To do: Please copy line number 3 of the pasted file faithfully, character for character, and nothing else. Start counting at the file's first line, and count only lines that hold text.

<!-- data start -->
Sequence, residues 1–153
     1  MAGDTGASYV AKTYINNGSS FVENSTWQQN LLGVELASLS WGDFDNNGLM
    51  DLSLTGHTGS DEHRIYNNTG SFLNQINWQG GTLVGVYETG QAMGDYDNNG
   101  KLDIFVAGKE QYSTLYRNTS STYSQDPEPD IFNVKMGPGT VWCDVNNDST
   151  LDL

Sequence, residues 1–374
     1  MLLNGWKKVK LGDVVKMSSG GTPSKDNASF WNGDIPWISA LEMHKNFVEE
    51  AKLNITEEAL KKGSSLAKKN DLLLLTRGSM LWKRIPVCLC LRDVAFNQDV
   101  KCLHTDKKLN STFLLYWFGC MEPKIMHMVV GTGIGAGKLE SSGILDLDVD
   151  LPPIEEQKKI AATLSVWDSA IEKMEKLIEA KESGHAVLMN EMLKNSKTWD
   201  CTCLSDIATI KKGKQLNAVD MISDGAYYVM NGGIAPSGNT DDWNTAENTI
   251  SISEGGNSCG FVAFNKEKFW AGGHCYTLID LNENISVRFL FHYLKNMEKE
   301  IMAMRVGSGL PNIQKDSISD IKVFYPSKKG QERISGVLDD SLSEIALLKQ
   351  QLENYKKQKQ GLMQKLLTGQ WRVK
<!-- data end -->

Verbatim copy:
    51  DLSLTGHTGS DEHRIYNNTG SFLNQINWQG GTLVGVYETG QAMGDYDNNG